Sometimes your best isn’t going to be good enough, but at least you have the peace of mind knowing that you tried. I am not sure if that is enough for everyone, regardless of their profession, but it’s good enough for me. I don’t need the mansion, the Benz, the fat bank account and the recognition… I just want to do my best.

Sunday, March 18, 2007

When your tail is so short...

It happened. I have been bitten by the blog bug so now people can finally take a glimpse into the simple and sarcastic world that my brain inhabits. I have given it much thought, about what to write today, and I have finally landed on a theme that I know some people will truly understand.

I am in my 3rd year of teaching middle school science. I absolutely love my profession and I readily enjoy working with my team of teachers and the kids we have. But (and there is always a BUT), I have never worked harder in my entire life to make meaningful lessons and projects, to ensure that I am reaching the most students I possibly can as well as creating applicable assessments. Our planning times are muddied up with meetings, student-parent conferences, training segments and committee obligations. Don’t get me wrong, I fully comprehend the importance of each and every one of these events, but it cuts into the time I feel is needed in order to me to “be” a successful teacher.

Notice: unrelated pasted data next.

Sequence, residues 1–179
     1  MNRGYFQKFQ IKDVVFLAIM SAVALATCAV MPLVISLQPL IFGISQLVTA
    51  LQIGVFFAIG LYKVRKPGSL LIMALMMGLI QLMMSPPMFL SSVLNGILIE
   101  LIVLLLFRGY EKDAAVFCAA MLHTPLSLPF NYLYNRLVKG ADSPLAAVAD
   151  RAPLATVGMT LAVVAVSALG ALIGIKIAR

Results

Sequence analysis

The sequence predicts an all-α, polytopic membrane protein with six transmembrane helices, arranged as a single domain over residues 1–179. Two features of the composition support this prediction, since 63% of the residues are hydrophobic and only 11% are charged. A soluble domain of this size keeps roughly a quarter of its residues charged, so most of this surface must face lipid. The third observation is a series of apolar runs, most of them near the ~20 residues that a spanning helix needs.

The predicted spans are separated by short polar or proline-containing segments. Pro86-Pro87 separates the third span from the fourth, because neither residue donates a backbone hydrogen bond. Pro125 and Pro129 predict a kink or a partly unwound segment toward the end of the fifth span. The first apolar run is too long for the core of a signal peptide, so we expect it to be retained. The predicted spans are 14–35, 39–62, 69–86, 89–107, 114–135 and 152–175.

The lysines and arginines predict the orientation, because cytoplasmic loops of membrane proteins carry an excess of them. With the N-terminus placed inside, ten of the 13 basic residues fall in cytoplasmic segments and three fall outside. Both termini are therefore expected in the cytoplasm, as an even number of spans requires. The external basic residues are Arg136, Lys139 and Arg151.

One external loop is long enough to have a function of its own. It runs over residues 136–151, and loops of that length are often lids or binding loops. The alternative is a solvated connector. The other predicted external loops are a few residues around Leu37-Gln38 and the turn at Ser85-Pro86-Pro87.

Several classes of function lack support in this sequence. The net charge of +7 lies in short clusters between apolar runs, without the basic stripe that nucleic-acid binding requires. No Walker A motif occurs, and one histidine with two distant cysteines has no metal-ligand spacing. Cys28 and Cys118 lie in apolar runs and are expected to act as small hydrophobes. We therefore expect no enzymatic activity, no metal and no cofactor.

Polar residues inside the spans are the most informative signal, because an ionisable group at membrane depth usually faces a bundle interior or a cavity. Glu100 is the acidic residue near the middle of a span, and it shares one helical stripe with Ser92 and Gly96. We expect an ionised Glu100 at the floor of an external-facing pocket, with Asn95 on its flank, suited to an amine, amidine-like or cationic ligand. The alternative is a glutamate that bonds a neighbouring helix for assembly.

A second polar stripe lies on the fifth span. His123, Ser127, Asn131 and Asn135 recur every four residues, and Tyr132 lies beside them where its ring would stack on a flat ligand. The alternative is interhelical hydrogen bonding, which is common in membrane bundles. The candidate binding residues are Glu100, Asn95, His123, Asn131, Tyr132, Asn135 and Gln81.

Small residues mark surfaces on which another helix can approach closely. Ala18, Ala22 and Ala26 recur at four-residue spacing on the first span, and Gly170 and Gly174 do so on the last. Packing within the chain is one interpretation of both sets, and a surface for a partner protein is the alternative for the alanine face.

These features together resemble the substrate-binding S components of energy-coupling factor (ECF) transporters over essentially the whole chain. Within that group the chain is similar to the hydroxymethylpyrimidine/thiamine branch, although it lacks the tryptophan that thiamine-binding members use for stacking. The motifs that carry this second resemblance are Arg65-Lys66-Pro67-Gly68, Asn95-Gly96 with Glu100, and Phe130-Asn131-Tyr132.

Regardless of the time constraints, the weekend planning and the late night grading sessions, I still want to be good at what I do. And honestly, I feel like I am finally becoming a real teacher. Experienced teachers always told me that you really do not start "coming into your own" as an educator until about your 3rd year. I remember brushing that advice off like a gnat at a barbeque, you know, as if I "knew so much with my tail being so short". I have no qualms admitting it now though, Dad - you were right.

Nothing prepares you for your 1st official year. NOTHING. No college degree (and no masters degree for that matter), no student-teaching interning experience and no amount of preparation even comes close to priming yourself for your own classroom with your own kids and your own activities. All of the above mentioned activities are simply warm-ups for what your classroom might be like.

I liken the 2nd year of teaching to your beginning teenage years. You still feel awkward, clumsy and question whether or not you are going to amount to anything, just like at that middle school dance where you wanted to slow dance with an 8th grade boy named Matt but you were too nervous he would say no. You want to be a good teacher and you want your kids to be good students, but there is still something lacking in that final equation: experience.

My 3rd year is coming close to its end and I can vouch that I have finally blossomed into something. Something great? No, not yet. But I will get there, someday. I think another important aspect of teaching is that you must never be completely satisfied, you must never feel like you are the epitome of the perfect educator and you can never stop teaching and learning yourself.

To all of you teachers out there, young or experienced, aspiring or retired…

Thank you and good luck.